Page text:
THE Intergovernmental Panel on Climate Change report — Climate Change 2014: Impacts, adaptation, and vulnerability — released last week is notable for its familiar themes.
We have known about these risks for a long time now and the new report covers the wide range of recent and projected impacts affecting Australia and our global community. It reaffirms the critical importance of strong action to mitigate climate change in order to safeguard a healthy future.
In Australia we have already seen increased mortality and hospital admissions associated with extreme heat events and increased pressure on water supplies.
The new report states, with high confidence, that Australia will face more frequent and intense heatwaves, bushfires, floods, storm surges and droughts. These climatic extremes are expected to increase the risk of injury, disease and death.
The report confirms that Australia has shown “significant vulnerability” to recent extreme climatic events. The 2009 Victorian heatwave was associated with 374 excess deaths, in addition to a 46% increase in ambulance dispatches over the 3 extreme heat days.
During the 2011 Queensland floods 33 people lost their lives.
The health impacts of climate-related disasters can endure long after the event. For example, a study of New Orleans residents found widespread hurricane-related mental illness almost 2 years after Hurricane Katrina.
Beyond this, the economic costs associated with climate-related events can be astounding. The Queensland floods were estimated to have cost the government $10 billion for construction alone.
The health and economic burdens associated with climate change will add to the strains on our health systems, which will have to adapt to ensure infrastructure, resources and preparedness are available to effectively engage in disaster management. These efforts may be futile if we do not rapidly reduce global greenhouse gas emissions.
Climate change could be the great disrupter of our age and threatens to reverse major health advancements. It is projected to increase the risk of under-nutrition in poor regions due to decreased food production, with estimates of up to 25 million more underweight children by 2050 compared with a future without climate change.
Health professionals will be at the forefront of managing the health impacts of climate change. However, to effectively safeguard the health of our patients and society, greenhouse gas emissions must be reduced.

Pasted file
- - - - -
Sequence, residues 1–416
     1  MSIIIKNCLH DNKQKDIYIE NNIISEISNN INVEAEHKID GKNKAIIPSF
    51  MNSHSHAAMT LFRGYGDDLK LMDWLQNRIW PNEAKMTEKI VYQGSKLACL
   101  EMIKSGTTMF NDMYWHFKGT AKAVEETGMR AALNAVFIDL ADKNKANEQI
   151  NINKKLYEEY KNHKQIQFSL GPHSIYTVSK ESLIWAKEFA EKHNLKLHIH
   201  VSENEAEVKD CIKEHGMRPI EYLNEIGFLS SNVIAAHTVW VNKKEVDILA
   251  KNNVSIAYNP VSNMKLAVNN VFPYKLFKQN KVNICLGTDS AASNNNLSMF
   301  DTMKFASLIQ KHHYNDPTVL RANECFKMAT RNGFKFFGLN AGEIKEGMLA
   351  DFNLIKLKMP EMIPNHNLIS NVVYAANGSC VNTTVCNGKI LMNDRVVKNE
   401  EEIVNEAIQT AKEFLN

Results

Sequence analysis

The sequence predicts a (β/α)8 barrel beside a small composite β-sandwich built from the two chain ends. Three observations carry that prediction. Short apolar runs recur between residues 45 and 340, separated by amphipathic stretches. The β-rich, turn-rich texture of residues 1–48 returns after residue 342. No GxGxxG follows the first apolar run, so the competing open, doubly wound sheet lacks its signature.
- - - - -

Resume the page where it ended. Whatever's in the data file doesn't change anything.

Health professionals need to take leadership roles by extending a long tradition of advocacy on public health issues to call for urgent action to mitigate climate change.
We now have a narrow window to prevent the worst effects of climate change. Almost halfway through the critical decade for action on climate change, efforts to reduce emissions remain profoundly inadequate. Australia’s contribution to generating emissions is often understated. Including emissions from coal exports and those produced domestically, Australia is the 16th largest emitter of carbon dioxide globally. Planned fossil fuel developments are estimated to double our carbon dioxide output.
So what can we do as health professionals? Collectively we can lead a movement to reframe climate change as a health issue. This could reinvigorate public engagement and momentum towards finding solutions.
Individually we can divest from fossil fuels. We call on our institutions (banks, superannuation, health services, universities, etc) to divest and adopt sustainable practices. Publicly we can advocate for strong government policy to reduce greenhouse gas emissions and rapidly transition from fossil fuel energy generation to low-emission renewable energy technologies.
The decisions we make today about climate change will have a large bearing on the health of generations to come. We have much to gain from action and much to lose from inaction. Leaving Australia’s carbon reserves in the ground is not turning our back on centuries of progress — it is trying to ensure centuries of continued progress.
Dr Mark Braidwood and Dr Catherine Pendrey are members of Doctors for the Environment Australia.
The authors would like to acknowledge the contribution of Dr Eugenie Kayak and Dr Graeme Horton.